11 Songs, 40 Minutes

EDITORS’ NOTES

Inspired by the memory of his father, who died from cancer while Witmer was working on another musical project, The Ones Who Wait is an extremely personal and cathartic work of acoustic introspection. The lyrics are heavy with insights into life and loss, expressing Witmer's mourning in no uncertain terms. "One More Day" starts as a dark madrigal before lifting Witmer's soul ever so slightly with simple and beautiful accompaniment. The chords spiral down for "Cursing," where an ominous piano crashes past repetitive acoustic guitar lines. The country-rock lope of "Hold On" is further informed by Witmer's philosophical waxings on being both a son and a father. Though Witmer sounds musically like he's found the sweet spot, lyrically he's clearly still in shock, fighting to make sense of his new life. "Your Friend" reaches out for a response and a wish for open arms. A banjo kickstarts "Influence" into the sunshine for one of the album's rare upbeat moments. "I Live in Your Ghost" closes the door with a final fingerpicked acoustic guitar elegy.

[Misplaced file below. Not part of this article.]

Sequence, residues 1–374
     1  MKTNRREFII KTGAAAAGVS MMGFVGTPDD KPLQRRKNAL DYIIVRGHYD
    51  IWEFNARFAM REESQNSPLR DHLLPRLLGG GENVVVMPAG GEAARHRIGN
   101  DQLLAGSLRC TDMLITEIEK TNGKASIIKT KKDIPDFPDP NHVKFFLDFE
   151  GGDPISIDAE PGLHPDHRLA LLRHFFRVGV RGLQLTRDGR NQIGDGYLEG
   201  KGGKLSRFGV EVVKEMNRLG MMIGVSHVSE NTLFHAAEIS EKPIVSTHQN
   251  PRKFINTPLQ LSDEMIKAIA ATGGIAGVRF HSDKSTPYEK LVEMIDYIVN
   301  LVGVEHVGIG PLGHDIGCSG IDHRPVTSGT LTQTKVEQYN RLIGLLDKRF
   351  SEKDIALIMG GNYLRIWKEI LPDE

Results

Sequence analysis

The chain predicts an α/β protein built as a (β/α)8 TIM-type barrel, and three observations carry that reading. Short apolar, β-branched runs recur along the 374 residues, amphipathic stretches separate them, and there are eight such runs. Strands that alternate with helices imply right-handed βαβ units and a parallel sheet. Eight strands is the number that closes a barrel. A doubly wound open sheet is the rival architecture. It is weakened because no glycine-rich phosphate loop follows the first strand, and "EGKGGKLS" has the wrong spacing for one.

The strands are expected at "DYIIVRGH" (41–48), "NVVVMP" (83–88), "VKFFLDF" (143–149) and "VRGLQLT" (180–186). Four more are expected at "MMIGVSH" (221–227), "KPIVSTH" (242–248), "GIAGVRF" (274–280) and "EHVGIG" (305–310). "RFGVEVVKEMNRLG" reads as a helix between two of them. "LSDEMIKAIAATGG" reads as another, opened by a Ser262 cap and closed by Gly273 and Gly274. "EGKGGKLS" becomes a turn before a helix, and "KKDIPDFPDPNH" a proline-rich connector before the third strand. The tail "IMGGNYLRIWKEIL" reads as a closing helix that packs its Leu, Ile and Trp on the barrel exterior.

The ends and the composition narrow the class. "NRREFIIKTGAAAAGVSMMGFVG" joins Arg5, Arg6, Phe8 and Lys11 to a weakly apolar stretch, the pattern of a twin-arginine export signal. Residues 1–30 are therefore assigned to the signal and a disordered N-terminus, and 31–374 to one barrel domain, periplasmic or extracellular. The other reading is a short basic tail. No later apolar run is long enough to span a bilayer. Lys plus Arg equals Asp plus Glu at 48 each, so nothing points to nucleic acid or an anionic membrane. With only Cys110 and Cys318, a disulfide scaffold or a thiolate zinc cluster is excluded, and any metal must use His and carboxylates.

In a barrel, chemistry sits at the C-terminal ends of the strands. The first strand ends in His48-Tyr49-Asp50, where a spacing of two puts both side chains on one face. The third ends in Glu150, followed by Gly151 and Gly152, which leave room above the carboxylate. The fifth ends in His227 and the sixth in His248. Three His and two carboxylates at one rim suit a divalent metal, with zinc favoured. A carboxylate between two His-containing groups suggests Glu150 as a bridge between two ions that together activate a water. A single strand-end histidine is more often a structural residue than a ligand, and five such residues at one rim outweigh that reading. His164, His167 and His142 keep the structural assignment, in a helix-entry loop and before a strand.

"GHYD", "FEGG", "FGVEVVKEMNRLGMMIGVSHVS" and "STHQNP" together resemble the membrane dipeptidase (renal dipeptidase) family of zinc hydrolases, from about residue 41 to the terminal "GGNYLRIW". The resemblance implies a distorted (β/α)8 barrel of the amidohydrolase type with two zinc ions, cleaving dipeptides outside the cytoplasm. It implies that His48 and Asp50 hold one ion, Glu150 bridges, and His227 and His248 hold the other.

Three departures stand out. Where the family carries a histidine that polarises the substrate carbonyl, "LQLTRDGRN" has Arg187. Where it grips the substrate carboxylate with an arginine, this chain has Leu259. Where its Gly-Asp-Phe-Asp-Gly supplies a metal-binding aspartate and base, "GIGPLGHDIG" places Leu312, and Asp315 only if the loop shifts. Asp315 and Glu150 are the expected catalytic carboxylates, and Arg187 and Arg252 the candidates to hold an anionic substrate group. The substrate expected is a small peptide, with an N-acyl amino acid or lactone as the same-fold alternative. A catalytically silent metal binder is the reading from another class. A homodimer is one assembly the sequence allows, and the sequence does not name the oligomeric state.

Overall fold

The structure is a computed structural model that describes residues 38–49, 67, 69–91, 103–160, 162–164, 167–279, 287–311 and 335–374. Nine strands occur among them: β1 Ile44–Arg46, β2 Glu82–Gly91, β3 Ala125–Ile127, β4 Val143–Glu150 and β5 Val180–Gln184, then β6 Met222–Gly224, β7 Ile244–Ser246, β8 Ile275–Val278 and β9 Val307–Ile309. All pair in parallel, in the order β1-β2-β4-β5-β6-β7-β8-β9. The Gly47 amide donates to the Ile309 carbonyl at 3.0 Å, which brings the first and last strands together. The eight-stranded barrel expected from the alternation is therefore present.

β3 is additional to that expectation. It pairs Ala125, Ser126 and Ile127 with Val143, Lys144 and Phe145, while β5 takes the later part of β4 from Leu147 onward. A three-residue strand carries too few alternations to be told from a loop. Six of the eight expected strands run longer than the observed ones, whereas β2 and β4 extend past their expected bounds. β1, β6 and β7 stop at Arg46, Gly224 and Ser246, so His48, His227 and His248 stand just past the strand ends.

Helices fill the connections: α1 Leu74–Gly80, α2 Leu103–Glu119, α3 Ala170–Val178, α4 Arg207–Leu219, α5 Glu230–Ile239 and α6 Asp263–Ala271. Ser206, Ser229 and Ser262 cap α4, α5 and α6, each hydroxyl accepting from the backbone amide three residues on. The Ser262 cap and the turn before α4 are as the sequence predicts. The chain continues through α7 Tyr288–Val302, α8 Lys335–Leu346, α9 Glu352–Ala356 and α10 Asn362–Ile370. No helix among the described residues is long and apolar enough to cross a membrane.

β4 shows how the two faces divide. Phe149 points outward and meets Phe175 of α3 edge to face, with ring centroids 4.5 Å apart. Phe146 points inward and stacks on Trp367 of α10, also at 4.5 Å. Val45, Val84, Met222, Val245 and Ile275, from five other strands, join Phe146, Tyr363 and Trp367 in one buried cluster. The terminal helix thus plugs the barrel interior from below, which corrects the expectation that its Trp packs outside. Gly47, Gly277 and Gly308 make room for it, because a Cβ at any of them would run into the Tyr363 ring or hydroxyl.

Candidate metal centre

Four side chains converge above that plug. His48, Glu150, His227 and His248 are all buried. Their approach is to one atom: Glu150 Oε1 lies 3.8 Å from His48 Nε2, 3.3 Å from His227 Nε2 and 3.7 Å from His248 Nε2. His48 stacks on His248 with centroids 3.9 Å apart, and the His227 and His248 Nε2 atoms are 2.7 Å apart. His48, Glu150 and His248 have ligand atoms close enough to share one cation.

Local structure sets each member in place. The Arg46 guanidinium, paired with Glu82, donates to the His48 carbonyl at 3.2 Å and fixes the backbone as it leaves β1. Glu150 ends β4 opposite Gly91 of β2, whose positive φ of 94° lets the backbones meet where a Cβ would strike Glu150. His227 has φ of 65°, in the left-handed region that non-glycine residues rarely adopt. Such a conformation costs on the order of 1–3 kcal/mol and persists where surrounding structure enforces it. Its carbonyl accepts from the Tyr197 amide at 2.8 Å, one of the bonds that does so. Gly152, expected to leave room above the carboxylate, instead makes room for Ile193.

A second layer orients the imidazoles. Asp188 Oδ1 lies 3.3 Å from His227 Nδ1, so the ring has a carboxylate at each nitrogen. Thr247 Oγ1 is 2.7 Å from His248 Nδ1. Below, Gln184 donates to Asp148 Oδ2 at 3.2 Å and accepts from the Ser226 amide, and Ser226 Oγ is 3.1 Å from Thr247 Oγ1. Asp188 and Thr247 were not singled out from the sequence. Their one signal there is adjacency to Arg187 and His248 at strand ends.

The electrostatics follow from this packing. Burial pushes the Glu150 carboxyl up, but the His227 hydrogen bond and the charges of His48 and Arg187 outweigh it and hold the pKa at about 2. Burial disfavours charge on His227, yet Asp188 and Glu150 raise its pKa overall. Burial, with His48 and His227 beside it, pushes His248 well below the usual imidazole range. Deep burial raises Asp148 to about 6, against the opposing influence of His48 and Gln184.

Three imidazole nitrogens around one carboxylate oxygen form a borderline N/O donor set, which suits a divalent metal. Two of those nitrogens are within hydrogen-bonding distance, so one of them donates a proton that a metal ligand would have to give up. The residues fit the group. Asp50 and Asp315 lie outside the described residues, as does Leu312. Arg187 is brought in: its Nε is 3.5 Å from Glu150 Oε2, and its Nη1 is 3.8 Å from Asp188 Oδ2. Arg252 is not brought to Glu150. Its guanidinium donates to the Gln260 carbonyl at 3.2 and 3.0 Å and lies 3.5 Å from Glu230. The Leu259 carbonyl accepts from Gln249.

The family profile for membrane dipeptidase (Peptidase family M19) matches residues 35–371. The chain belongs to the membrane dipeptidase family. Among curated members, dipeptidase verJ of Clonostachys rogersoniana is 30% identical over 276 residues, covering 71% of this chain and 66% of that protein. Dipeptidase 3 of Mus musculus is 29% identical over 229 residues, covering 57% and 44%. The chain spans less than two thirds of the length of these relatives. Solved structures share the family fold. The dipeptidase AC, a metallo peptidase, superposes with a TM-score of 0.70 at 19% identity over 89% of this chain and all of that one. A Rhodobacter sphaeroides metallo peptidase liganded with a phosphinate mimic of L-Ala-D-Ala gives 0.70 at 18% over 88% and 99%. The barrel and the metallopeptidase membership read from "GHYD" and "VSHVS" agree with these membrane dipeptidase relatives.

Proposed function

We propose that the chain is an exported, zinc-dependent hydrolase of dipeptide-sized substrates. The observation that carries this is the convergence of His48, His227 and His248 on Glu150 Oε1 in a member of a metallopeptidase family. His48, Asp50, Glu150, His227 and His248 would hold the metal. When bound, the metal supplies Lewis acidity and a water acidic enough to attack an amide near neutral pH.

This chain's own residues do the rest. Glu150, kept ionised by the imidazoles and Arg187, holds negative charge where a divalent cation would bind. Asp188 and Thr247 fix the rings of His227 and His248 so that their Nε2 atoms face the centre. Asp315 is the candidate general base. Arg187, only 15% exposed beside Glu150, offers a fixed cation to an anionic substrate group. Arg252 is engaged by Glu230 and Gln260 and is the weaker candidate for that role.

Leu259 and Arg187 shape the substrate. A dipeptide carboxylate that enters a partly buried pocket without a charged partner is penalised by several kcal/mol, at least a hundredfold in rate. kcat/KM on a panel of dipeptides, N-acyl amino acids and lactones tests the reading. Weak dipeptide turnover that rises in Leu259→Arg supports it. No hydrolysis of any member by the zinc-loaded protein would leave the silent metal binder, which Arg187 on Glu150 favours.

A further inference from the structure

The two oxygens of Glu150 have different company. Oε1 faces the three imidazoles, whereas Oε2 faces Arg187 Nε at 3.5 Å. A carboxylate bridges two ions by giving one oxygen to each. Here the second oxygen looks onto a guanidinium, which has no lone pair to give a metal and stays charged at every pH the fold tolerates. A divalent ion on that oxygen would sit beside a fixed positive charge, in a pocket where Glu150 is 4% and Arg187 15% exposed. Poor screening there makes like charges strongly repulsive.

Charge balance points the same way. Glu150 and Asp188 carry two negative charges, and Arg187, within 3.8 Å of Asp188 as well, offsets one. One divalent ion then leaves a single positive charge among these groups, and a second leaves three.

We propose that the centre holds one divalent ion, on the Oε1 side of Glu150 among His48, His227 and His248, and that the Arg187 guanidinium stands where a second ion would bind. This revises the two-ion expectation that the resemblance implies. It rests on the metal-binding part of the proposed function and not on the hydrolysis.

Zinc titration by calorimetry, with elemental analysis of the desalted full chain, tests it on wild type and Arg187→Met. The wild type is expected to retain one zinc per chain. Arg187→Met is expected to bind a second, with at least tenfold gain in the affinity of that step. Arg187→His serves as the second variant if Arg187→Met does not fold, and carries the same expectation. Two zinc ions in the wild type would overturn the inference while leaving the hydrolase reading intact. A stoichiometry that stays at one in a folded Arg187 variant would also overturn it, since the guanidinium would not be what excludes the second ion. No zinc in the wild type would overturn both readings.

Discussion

EDITORS’ NOTES

Inspired by the memory of his father, who died from cancer while Witmer was working on another musical project, The Ones Who Wait is an extremely personal and cathartic work of acoustic introspection. The lyrics are heavy with insights into life and loss, expressing Witmer's mourning in no uncertain terms. "One More Day" starts as a dark madrigal before lifting Witmer's soul ever so slightly with simple and beautiful accompaniment. The chords spiral down for "Cursing," where an ominous piano crashes past repetitive acoustic guitar lines. The country-rock lope of "Hold On" is further informed by Witmer's philosophical waxings on being both a son and a father. Though Witmer sounds musically like he's found the sweet spot, lyrically he's clearly still in shock, fighting to make sense of his new life. "Your Friend" reaches out for a response and a wish for open arms. A banjo kickstarts "Influence" into the sunshine for one of the album's rare upbeat moments. "I Live in Your Ghost" closes the door with a final fingerpicked acoustic guitar elegy.

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